I need advice on vitamins and supplements.
July 6, 2009 2:04 PM   Subscribe

The vitamin/ supplement aisle of Whole Foods scares the hell out of me, I'd like some advice please!

Okay, so, you are not my nutritionist or doctor, but hopefully someone can help clear up a few things, or point me to something that does.

So I am deep in the throes of getting healthy (see prior question -http://ask.metafilter.com/122702/Help-a-vegetarian-lose-weight). I was at whole foods yesterday and stopped in their vitamin aisle, and was overwhelmed at all of the stuff that they sell, and my cynical self thinks “How much of this herbal/vitamin stuff is real, and how much is snake oil crap” and despite that I bought some flax oil, as I keep hearing about how great fish oil is, but I don’t eat fish, and I’ve been told that flax oil is a close second.

Also, I’ve been convinced that I should be taking creatine as I don’t get any, not eating meat and all. So I bought a bottle of that which seemed awfully expensive.

SO, what, you may ask, is my question. Here it is in 3 parts:

What is a well reasoned, legitimate resource that details the pluses and minuses of vitamins and supplements?

What supplements, herbal products, etc, from your experience, are useful/helpful?

What should a 37 year old, type A, vegetarian, trying to lose weight, and be healthier, be taking?
posted by Ponderance to Health & Fitness (28 answers total) 15 users marked this as a favorite
So, the PDR folks (the same people who make the Physician's Desk Reference guide to prescription drugs) also publish a guide to nutritional supplemens that I have consulted from time-to-time when patients have asked me similar questions.

I would also strongly recommend using PubMed and do some of your own research to look to see if there is evidence behind any of the supplements you are considering spending money on.

Long story short, from my perspective (allopathic/Western physician-scientist) ... if you are healthy, eat a healthy/balanced diet, then you should be fine and not need any supplements with the exception of iron (which you may be able to get from some legumes/nuts/eggs, and vitamin D (which you can get if you drink milk). The amount of benefit that you'll likely derive from supplements is minimal-to-none. There's certainly not a lot of quality scientific data to support the life-prolonging effects of flax oil or fish oil. That said, there is pretty good data showing that a Mediterranean diet (which can contain small yet regular amounts of fish, particularly oily fish high in omega-3 fatty acids) is good.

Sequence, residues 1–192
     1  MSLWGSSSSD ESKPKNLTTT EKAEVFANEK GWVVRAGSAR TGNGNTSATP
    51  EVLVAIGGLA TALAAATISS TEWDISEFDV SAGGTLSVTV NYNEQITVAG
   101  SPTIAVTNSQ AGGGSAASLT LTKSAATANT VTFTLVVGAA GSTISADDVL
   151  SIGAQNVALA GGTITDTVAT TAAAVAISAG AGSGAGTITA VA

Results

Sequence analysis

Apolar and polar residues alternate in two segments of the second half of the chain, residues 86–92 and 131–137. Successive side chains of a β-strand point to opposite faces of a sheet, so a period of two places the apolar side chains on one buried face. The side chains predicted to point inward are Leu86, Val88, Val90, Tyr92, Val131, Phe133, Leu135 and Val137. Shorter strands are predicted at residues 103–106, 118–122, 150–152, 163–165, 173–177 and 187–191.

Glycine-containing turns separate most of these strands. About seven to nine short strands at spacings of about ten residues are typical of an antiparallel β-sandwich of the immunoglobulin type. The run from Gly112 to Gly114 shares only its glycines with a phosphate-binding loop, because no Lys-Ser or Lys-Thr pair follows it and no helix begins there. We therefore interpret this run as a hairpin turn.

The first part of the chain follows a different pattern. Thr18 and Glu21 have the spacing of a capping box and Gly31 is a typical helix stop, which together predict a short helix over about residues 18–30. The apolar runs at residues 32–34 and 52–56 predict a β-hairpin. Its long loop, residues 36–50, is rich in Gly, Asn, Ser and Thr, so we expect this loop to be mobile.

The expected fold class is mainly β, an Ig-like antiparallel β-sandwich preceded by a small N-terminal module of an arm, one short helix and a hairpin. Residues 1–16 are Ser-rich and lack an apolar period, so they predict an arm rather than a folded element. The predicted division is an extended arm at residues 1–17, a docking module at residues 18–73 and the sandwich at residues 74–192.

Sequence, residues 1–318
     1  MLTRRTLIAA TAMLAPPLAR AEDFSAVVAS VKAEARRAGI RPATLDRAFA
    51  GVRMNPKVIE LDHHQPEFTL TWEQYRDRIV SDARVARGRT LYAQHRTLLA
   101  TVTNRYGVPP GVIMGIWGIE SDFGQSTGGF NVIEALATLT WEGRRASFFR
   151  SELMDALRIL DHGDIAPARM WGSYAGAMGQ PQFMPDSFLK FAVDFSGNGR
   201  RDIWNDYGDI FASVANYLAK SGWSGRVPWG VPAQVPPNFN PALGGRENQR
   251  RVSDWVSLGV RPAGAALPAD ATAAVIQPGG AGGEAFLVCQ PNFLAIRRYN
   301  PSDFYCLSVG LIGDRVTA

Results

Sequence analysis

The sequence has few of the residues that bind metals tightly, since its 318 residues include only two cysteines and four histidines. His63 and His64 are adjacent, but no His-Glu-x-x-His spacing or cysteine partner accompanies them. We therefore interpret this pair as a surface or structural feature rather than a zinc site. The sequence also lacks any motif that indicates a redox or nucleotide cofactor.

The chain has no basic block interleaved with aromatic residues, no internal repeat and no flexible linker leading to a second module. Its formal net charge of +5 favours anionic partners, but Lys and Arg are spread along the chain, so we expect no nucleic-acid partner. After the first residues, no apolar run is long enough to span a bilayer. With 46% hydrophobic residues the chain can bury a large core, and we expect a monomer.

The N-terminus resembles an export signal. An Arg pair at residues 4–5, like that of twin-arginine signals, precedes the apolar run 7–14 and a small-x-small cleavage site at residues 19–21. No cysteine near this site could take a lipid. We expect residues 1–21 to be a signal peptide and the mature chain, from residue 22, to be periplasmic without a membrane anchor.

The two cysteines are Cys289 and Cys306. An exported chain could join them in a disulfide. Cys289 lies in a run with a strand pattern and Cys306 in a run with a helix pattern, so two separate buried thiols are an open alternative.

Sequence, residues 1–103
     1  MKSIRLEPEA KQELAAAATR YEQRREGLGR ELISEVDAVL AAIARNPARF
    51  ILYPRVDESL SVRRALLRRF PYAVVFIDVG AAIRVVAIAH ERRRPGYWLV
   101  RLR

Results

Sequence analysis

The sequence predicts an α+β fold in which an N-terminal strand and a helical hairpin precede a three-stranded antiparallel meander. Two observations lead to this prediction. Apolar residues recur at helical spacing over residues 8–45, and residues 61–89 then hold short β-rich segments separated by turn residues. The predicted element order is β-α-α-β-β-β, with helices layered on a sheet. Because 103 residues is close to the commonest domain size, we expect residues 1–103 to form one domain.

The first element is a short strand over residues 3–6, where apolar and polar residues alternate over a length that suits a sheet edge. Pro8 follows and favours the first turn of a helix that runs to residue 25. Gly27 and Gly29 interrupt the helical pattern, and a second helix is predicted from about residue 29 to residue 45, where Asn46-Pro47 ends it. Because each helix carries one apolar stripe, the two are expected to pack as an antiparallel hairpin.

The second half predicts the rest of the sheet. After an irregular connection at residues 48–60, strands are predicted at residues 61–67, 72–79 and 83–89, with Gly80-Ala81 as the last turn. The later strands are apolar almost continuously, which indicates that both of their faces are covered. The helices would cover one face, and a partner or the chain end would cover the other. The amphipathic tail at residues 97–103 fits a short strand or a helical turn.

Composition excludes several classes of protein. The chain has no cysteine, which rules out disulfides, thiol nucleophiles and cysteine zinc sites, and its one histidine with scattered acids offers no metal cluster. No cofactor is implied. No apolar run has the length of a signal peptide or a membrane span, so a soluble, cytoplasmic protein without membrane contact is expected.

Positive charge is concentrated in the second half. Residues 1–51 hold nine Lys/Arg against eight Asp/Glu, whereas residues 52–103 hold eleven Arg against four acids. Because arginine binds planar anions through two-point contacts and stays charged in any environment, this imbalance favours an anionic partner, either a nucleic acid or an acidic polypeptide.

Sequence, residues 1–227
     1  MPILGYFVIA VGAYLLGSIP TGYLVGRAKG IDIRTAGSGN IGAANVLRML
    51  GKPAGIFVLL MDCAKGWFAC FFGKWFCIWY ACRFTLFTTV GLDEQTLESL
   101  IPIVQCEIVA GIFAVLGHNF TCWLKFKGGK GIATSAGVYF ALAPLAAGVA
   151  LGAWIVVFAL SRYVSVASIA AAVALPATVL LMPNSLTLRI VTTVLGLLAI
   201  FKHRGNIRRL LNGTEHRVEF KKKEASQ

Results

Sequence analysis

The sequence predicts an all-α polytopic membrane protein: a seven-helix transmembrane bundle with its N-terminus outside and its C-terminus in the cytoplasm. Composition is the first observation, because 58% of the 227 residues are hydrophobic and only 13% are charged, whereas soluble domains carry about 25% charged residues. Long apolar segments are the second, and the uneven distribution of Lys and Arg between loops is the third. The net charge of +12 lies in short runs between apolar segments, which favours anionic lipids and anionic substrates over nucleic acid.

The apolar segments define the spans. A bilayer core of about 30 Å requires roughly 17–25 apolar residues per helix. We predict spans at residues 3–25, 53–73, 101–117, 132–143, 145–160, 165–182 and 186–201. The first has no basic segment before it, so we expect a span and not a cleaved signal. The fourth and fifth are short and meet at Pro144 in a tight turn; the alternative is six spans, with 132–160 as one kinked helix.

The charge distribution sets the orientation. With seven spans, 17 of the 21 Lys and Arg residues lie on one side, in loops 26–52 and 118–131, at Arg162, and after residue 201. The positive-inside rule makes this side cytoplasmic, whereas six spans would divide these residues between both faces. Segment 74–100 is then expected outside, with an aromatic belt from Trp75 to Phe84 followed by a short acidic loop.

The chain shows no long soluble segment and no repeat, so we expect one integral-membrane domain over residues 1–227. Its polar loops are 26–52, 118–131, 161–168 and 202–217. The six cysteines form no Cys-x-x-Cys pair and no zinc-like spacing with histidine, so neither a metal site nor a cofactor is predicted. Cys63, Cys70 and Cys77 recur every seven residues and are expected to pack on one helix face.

For weight loss, I'd save my money and instead follow the following inexpensive plan: take in fewer calories than you expend either by eating less or exercising more.
posted by scblackman at 2:18 PM on July 6, 2009 [1 favorite]

I've never heard creatine used in any other context then as a bodybuilding supplement - it's not a dietary requirement or anything that I've ever heard. (That's why it's so expensive!)

I'd recommend at least googling it before you start to take it - when used for bodybuilding/athletic enhancement, there's a moderately complex strategy for getting the best use out of it.
posted by restless_nomad at 2:23 PM on July 6, 2009

before i start recommending things, i just want to say that i understand the cynicism/skepticism. i was very skeptical of supplements and such before i started mine.

having said that, i take some supplements now to help with depression, and i find that they're helping a reasonable amount. they're much better than the anti-depressants i was on because they have no side effects, and i feel better knowing i'm not putting random chemicals into my body.

anyway, i just started taking fish oil 5 days ago, and i can already see that it's working. i don't have trouble falling asleep like i used to, i have more physical energy, and the dark circles under my eyes are clearing up (though that last one could be from a different supplement, i'm not sure).

this is the store i go to for my vitamins/supplements/dietary stuff. the site has a page called "Educate Me Now" with tons of good information on what you might want to try, what does what, etc. the store is awesome, the staff know their stuff, and i find the website a helpful tool too.

good luck!